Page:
Press Release (ePRNews.com) - ROHNERT PARK, Calif. - Nov 21, 2018 - Since the 2008 recession hit, the labor market has been slowly gaining traction in an attempt to get back to those glory days. While the market is doing very well, with a low unemployment rate, there is surprisingly a very low amount of wage growth accompanying it. What does this mean exactly? It shows that while everyone can seem to get a job and stay employed, wages are not increasing at the same rate. This can mean many things, but for student loan borrowers it could mean not being able to stay on track for student loan repayment. Ameritech Financial, a document preparation company, assists student loan borrowers in applying for income-driven repayment plans (IDRs), which may be especially important during times of low wage growth.
“The reasoning behind low unemployment and low wage growth is largely a mystery, but it is something worth watching and being aware of in the short term,” said Tom Knickerbocker, executive vice president of Ameritech Financial. “What we do know is that when people make more money, they may be able to pay off their student loans at a higher rate. Low wage growth doesn’t help that.”
If the U.S. has a strong employment rate, why would wage growth be down? The New York Times early last month wrote about this topic and laid out a couple hypotheses. One is that while some may blame an actual decline in inflation, it is not the sole culprit. In theory, with inflation, we would see wages grow in order to cover the inflation and a decline in inflation would cause a decline in wage growth. However, the decline in inflation is not nearly close enough to that of the decline in wage growth. Another hypothesis is the workforce is now older than it was in 2001, meaning the main cohorts are less likely to have an increase in their wage. However, wage growth is still lower for everyone (no matter age, gender or education) than pre-recession. Okay, so if not inflation or the fact everyone is older, how about productivity? But this year even the most skilled workers, and those who are typically the most productive, still did not see any bump in wage growth. Wage growth is still down across jobs of all skill levels.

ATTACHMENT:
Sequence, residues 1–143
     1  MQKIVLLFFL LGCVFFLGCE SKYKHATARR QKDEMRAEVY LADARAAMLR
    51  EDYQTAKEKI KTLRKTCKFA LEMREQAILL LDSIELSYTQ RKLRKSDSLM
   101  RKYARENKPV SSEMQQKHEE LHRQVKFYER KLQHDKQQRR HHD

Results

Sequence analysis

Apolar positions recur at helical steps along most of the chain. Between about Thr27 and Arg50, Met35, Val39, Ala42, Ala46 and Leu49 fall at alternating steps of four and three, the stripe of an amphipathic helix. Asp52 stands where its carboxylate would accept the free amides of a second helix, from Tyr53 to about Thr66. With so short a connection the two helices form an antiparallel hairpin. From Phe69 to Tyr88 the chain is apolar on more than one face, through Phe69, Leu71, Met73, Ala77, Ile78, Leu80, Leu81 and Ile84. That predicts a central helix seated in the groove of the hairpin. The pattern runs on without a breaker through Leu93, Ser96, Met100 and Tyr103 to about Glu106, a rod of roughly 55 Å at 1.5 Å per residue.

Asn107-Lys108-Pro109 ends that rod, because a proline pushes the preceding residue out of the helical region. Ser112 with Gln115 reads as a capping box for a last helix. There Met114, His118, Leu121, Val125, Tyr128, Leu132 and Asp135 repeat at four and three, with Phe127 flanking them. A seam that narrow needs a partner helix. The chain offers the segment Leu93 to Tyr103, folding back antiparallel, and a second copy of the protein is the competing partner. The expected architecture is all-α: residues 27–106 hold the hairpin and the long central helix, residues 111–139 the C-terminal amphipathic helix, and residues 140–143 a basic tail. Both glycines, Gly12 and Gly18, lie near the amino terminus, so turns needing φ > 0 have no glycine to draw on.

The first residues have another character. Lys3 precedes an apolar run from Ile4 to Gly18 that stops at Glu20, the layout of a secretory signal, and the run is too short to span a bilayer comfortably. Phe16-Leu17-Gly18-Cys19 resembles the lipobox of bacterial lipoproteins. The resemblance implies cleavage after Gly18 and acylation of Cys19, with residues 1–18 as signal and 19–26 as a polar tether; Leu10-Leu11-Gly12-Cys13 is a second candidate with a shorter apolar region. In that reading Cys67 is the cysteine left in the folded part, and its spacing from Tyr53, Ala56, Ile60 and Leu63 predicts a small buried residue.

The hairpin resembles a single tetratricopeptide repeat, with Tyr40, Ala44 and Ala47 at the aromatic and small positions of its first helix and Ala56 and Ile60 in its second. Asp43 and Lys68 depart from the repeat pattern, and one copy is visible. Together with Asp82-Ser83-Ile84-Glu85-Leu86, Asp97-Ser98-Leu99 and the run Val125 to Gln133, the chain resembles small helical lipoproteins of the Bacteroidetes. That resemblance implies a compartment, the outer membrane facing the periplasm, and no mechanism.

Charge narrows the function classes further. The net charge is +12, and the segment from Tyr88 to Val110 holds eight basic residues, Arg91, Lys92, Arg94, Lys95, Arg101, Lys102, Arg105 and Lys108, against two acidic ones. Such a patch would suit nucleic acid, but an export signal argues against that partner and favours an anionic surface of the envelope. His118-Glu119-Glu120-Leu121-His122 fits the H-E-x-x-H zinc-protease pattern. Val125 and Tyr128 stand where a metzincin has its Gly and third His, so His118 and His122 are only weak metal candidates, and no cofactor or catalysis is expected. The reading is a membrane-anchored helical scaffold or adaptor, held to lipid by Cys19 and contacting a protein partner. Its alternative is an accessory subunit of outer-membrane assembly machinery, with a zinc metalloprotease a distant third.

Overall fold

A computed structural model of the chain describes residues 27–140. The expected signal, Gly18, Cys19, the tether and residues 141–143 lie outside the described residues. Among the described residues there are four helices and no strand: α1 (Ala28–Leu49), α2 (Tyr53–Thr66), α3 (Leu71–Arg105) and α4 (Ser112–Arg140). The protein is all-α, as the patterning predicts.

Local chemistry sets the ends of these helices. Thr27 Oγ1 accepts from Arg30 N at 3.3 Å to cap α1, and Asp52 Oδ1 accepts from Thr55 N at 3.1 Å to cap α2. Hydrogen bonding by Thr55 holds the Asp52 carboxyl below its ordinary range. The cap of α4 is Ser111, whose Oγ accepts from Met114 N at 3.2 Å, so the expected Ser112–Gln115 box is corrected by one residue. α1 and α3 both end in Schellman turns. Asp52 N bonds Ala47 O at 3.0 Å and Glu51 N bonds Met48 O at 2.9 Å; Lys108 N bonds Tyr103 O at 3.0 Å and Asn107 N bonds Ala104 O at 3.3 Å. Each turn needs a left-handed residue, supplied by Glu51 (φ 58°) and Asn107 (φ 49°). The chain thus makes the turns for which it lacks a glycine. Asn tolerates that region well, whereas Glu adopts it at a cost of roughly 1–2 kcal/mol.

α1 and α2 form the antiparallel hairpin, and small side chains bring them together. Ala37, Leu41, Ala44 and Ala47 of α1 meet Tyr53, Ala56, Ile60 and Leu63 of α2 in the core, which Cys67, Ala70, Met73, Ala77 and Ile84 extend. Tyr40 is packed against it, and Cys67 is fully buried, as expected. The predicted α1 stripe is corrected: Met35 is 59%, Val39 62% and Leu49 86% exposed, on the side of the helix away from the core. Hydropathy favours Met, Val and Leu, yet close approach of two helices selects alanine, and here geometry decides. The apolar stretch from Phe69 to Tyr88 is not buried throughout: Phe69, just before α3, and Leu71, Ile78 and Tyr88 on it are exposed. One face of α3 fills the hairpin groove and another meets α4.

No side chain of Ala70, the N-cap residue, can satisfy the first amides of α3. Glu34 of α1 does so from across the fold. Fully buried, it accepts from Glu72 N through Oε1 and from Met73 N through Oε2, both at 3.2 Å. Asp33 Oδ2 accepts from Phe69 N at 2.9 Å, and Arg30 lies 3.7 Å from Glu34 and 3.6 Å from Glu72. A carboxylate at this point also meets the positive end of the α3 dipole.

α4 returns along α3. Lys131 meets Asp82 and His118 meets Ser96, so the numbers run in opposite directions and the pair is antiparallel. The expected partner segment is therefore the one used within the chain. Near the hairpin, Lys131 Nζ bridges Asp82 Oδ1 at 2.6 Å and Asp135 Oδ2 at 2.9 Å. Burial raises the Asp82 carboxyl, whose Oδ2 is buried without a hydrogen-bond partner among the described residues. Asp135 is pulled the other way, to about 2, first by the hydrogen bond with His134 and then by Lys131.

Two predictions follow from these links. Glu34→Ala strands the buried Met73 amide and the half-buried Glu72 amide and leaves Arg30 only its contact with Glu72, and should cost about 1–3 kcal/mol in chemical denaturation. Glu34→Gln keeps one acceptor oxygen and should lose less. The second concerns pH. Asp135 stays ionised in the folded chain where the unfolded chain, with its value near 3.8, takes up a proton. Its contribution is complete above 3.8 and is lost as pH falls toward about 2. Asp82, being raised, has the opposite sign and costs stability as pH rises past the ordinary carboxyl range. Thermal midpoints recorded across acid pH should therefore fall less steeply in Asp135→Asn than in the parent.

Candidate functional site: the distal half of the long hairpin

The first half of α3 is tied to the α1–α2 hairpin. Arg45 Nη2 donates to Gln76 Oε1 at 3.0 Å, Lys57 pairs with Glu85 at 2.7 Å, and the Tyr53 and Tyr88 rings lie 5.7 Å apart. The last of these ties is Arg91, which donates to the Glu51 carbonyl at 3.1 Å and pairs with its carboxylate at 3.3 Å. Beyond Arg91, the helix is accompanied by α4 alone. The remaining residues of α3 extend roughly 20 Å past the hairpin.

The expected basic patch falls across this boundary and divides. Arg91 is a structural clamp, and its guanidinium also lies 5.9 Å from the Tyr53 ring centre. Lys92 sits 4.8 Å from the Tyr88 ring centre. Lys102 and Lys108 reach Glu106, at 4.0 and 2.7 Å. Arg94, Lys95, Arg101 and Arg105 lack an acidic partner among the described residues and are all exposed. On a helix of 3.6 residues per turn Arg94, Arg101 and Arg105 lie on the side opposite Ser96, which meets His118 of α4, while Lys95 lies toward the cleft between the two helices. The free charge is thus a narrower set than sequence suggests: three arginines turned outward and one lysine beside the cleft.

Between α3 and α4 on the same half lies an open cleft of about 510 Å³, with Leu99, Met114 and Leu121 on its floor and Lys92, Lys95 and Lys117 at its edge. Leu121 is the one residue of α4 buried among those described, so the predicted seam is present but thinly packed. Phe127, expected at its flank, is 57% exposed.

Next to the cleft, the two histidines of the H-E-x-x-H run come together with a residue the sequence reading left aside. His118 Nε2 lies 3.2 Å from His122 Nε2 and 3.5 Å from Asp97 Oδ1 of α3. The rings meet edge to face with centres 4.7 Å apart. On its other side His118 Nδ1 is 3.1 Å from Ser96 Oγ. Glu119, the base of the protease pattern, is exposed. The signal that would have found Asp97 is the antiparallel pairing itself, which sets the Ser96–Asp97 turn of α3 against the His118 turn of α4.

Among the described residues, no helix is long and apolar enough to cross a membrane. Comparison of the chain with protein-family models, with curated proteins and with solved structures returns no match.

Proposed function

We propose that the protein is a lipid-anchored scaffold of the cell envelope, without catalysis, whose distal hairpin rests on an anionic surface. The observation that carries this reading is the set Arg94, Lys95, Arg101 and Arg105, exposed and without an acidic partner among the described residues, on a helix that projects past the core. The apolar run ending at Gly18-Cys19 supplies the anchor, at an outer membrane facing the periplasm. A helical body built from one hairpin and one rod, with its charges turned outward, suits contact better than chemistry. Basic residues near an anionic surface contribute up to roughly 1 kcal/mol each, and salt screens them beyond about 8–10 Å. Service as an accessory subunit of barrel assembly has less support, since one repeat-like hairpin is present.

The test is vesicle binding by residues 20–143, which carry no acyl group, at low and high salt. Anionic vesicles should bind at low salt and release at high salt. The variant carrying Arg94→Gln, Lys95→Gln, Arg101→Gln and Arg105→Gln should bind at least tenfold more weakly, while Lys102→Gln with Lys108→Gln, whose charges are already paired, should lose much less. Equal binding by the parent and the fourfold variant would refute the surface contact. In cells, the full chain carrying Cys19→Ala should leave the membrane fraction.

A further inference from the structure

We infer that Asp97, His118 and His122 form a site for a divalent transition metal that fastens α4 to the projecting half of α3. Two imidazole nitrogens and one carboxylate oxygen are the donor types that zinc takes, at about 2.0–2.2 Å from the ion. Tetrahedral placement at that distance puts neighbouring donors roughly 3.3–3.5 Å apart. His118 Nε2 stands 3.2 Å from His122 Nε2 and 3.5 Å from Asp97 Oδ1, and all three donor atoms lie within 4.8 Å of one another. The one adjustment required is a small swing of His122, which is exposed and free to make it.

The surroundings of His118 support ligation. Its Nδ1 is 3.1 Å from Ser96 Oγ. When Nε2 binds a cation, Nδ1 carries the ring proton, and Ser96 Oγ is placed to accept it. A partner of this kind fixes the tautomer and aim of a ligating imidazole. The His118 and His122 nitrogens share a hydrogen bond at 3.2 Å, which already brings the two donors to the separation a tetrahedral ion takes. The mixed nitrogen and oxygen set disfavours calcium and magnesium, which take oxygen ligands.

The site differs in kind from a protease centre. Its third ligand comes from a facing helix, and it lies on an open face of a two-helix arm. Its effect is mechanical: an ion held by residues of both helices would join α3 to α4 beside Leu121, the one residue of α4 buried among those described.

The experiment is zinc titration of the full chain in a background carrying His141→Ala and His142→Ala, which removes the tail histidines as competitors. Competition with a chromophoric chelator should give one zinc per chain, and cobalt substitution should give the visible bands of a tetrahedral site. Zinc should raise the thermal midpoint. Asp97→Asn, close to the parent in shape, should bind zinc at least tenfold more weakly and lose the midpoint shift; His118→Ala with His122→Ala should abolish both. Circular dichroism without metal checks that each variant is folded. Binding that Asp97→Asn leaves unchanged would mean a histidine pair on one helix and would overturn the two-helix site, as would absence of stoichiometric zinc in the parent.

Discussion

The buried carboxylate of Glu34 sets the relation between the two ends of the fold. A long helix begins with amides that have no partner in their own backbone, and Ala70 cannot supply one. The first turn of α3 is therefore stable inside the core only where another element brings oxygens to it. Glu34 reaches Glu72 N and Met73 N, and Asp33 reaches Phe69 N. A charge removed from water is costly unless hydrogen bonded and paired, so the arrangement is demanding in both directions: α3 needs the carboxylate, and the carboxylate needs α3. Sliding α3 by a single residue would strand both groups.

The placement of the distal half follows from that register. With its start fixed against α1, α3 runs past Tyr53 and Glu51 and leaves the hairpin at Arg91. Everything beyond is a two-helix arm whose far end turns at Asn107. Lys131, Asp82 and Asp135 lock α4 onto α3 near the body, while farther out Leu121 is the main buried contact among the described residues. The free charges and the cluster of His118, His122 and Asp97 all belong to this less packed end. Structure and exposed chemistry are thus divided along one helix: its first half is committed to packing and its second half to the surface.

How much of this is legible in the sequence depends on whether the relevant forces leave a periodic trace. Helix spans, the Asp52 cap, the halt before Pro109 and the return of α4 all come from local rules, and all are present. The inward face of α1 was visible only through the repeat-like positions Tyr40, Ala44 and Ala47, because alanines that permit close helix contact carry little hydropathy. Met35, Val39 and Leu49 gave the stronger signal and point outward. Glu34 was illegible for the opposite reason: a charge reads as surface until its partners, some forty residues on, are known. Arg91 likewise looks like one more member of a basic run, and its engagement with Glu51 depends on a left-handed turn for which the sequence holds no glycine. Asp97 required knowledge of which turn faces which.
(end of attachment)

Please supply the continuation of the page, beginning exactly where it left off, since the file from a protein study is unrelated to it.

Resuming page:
The reasoning behind low unemployment and low wage growth is largely a mystery, but it is something worth watching and being aware of in the short term.
While all these hypotheses hold some possibility, one does not stand out above the rest as the sole reason for lower wage growth. For student loan borrowers, low wage growth might mean difficulty staying on track for repayment because borrowers may possibly be experiencing a strain on their finances. If this is the case, borrowers could turn to an income-driven repayment plan (IDR) in order to stay on top of repayment. IDRs allow borrowers to repay what they can based on income and family size, which can help when faced with low wages.
“One thing is certain — in order for student loan borrowers to feel secure about staying on track for repayment, there needs to be wage growth. We want to help our clients navigate what some may consider to be a complex process of applying to enroll in IDRs so they are able to do what they can with what they have,” said Knickerbocker. “We want to help them worry less about what they don’t have and focus more on the goals they want to achieve with what they do have.”
About Ameritech Financial
Ameritech Financial is a private company located in Rohnert Park, California. Ameritech Financial has already helped thousands of consumers with financial analysis and student loan document preparation to apply for federal student loan repayment programs offered through the Department of Education.
Each Ameritech Financial telephone representative has received the Certified Student Loan Professional certification through the International Association of Professional Debt Arbitrators (IAPDA).
Ameritech Financial prides itself on its exceptional customer service.
Ameritech Financial Newsroom
To learn more about Ameritech Financial, please contact:
5789 State Farm Drive #265
Rohnert Park, CA 94928